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March 2012, Week 1


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Film and TV Studies Discussion List <[log in to unmask]>
Fri, 2 Mar 2012 10:03:27 +1300
Film and TV Studies Discussion List <[log in to unmask]>
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Alan Wright <[log in to unmask]>
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The recent earthquakes in Chile, Christchurch and Japan have left a host of powerful images in the 
minds and memories of millions of people around the world. Film has always played a crucial role 
in the imagination of disaster. From its earliest days, cinema has registered the impact of seismic 
events. The aftermath of the 1906 San Francisco earthquake is recorded on film. In New Zealand, 
footage from the Napier earthquake of 1931 shows the destruction of the town. Hollywood even 
recast New Zealand in Green Dolphin Street (Saville, 1947) as the fictional setting for a special 
effects mega-quake and tsunami. 

An earthquake is also a conceptual event of telluric proportions. An emergent seismic 
consciousness, reflected in a number of contemporary films from Iran, Chile, Haiti, Japan, Greece, 
Turkey, Italy, Korea, the USA and New Zealand, has shaken to the core those solid and secure 
political, economic, ethical and ontological categories which ground the project of modernity in its 
current globalised form. Perhaps the spate of earthquakes in 2010-11 can serve a similar function 
for our present geopolitical formation as the famous Lisbon earthquake of 1755 held for the age of 

The earthquake indicates a fissure, a rupture that forces us to reconsider our established notions of 
film history and criticism. Faultlines, by definition, are located on the edges of tectonic plates. Film 
history and theory too must confront the tectonic shift in focus away from the centre (Europe, North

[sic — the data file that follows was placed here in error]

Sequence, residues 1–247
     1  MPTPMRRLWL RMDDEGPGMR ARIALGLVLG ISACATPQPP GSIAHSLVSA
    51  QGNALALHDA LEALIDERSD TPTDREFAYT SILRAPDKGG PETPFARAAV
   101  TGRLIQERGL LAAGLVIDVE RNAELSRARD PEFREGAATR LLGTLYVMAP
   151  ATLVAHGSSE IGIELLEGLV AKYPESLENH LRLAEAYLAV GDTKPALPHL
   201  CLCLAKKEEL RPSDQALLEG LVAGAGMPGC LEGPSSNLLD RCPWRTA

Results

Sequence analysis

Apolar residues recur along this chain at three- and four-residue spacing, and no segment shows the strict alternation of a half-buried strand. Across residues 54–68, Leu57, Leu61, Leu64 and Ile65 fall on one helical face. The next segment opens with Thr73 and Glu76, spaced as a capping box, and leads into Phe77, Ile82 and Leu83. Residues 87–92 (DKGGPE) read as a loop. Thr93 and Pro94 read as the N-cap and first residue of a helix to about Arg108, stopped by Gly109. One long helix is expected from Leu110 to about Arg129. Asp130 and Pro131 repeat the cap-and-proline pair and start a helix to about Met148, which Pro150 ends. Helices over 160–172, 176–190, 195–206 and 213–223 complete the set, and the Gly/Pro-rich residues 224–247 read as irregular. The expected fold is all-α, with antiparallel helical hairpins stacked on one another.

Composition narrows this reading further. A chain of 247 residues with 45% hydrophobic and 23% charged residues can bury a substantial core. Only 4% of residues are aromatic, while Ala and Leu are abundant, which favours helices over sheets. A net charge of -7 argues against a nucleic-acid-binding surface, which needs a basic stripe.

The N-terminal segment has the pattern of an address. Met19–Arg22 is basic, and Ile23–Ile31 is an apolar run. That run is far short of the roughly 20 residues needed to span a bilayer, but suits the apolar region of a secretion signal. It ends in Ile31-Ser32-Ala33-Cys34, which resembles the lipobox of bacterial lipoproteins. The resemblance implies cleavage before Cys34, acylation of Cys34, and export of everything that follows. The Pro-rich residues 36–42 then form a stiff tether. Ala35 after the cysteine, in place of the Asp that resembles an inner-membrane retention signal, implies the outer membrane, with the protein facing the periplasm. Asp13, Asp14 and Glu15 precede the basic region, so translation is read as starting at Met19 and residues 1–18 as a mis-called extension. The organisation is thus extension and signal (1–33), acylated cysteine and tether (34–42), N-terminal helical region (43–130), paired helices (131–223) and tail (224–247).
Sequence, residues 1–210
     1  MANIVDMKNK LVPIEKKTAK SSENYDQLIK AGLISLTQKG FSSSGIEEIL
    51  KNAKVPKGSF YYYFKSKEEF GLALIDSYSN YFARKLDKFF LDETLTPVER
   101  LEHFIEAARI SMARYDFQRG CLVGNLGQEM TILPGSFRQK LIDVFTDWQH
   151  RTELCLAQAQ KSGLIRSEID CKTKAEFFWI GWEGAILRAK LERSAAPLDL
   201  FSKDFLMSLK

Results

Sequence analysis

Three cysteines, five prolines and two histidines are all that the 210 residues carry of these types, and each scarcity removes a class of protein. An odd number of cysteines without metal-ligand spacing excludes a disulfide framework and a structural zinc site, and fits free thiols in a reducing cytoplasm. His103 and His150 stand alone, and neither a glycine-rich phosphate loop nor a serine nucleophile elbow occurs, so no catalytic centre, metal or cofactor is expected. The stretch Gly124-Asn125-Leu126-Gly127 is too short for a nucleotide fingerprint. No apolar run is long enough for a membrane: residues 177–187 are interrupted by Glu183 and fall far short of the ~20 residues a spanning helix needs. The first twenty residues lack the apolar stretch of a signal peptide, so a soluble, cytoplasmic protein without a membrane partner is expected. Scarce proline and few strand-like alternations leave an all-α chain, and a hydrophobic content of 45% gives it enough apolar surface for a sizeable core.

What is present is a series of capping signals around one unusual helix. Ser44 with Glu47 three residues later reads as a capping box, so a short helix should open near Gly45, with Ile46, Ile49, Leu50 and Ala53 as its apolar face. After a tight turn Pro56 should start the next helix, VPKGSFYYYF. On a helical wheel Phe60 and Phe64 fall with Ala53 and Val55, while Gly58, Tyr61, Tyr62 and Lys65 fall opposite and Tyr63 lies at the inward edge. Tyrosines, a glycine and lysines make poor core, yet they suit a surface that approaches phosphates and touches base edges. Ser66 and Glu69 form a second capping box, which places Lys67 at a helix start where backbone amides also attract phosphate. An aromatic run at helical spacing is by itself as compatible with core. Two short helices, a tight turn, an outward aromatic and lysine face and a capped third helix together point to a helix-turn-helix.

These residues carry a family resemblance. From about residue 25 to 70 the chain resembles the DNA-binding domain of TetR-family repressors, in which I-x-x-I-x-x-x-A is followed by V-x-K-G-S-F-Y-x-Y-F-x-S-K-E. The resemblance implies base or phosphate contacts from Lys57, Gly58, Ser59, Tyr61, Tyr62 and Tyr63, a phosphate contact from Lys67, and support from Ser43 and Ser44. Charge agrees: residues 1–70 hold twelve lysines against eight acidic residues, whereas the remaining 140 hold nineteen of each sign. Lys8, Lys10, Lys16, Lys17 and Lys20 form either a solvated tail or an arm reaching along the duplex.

America) toward the periphery (the Southern Cone, the Pacific Rim, China, Central Asia and the 
Caucasus, the Mediterranean Basin and North Africa). 

Papers are invited which address any of the following issues:
 fictional and non-fictional representation of earthquakes in film 
 narrative form, genre and the cinematic image 
 archival footage and digital witnessing (digital camera, phone, youtube, facebook etc) 
 social memory and history 
 modernity, film and ruins 
 heritage, home, exile 
 mourning, trauma and survival 
 disaster as media spectacle 
 alternative forms of film and media production, distribution and exhibition 
 racial, ethnic and indigenous experience of natural disaster 
 urban planning and renewal 
 disaster capitalism and compassion fatigue 
 local and national politics 
 international solidarity and community activism 
 banality, catastrophe and everyday life 
 the temporality of crisis, the event and emergency 

Please submit an abstract of 250 words by March 24th, 2012, along with a short biography, to 
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This book will be published by Intellect Press. 

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